Benchmark leak of upcoming Nvidia GTX 1080 shows incredible performance jump

gtx 1080 3dmark 10series
WCCFTech
While Nvidia has yet confirm the existence of the upcoming GTX 1070 and 1080 cards, there’s already solid evidence the cards will be unveiled tomorrow — and we can now add to that a purported 3DMark test, courtesy of VideoCardz.

The results pages reveal some new information about the GTX 1080, if it is indeed a result from that card. The clock speed information in the Performance Test aren’t accurate, but the Fire Strike Extreme diagnostics are, and they reveal a staggering 1.6GHz base clock and 1.8GHz boost clock, a big jump from the 980 Ti’s 1,102 MHz clock. It also appears the GTX 1080 is packing a whopping 8GB of GDDR5X memory, clocked at 2,500MHz — but Videocardz claims the effective clock is 10,000MHz, with a 320GB/s memory bandwidth.

We don’t typically run Fire Strike Extreme as part of our test suite on systems, but we did give the AVADirect Avant we’re reviewing a chance to see how it could perform. It’s powered by an Intel Core i7-6700K, overclocked to 4.7GHz, with 16GB of RAM and a GTX 980 Ti, so it should give us a decent impression of the performance difference between the generations.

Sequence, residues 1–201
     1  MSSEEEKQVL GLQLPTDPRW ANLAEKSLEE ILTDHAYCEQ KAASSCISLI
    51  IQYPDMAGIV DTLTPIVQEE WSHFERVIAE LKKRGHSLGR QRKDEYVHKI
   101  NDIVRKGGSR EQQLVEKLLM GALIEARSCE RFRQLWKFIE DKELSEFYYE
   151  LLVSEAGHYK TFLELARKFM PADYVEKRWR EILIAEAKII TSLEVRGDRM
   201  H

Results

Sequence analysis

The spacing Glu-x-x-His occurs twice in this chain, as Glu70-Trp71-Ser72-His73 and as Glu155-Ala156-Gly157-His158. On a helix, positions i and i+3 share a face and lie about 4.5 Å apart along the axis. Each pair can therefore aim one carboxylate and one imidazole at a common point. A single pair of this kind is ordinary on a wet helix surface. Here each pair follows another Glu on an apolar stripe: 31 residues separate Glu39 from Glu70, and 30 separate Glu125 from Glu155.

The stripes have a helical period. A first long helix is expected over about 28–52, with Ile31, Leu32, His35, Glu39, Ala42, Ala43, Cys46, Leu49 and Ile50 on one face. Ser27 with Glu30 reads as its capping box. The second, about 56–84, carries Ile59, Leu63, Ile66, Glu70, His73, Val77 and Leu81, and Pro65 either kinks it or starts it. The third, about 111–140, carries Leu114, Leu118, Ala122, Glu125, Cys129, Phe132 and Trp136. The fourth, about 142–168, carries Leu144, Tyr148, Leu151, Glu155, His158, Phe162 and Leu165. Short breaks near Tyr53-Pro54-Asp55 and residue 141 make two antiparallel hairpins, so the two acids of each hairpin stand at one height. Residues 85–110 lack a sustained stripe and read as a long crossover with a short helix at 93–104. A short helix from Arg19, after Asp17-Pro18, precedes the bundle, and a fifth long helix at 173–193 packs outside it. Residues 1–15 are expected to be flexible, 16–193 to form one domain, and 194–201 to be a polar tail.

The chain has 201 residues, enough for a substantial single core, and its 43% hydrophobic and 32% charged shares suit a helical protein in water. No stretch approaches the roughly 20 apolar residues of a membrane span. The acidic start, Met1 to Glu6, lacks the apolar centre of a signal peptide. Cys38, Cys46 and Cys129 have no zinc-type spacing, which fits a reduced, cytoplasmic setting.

Our test system scored 7,559 on Fire Strike Extreme, but even with just an Intel Core i7-3770 helping out, the GTX 1080 supposedly claims a 8,959 score. That’s a healthy 19 percent performance jump, even with the older CPU holding it back. How that will translate to other systems, as well as some of the more important features of the card, is still unknown or unverified, but it looks like the next generation will be one of notably increased performance and new technology.

Whether these results are accurate or not remains to be seen, but either way, we won’t have to wait long to find out. The Order of 10 augmented reality game, which many have pointed to as a sign of an impending Nvidia launch, has a countdown timer that ends tomorrow morning, on Friday, May 6th. If it is indeed a new card, we’ll know then.

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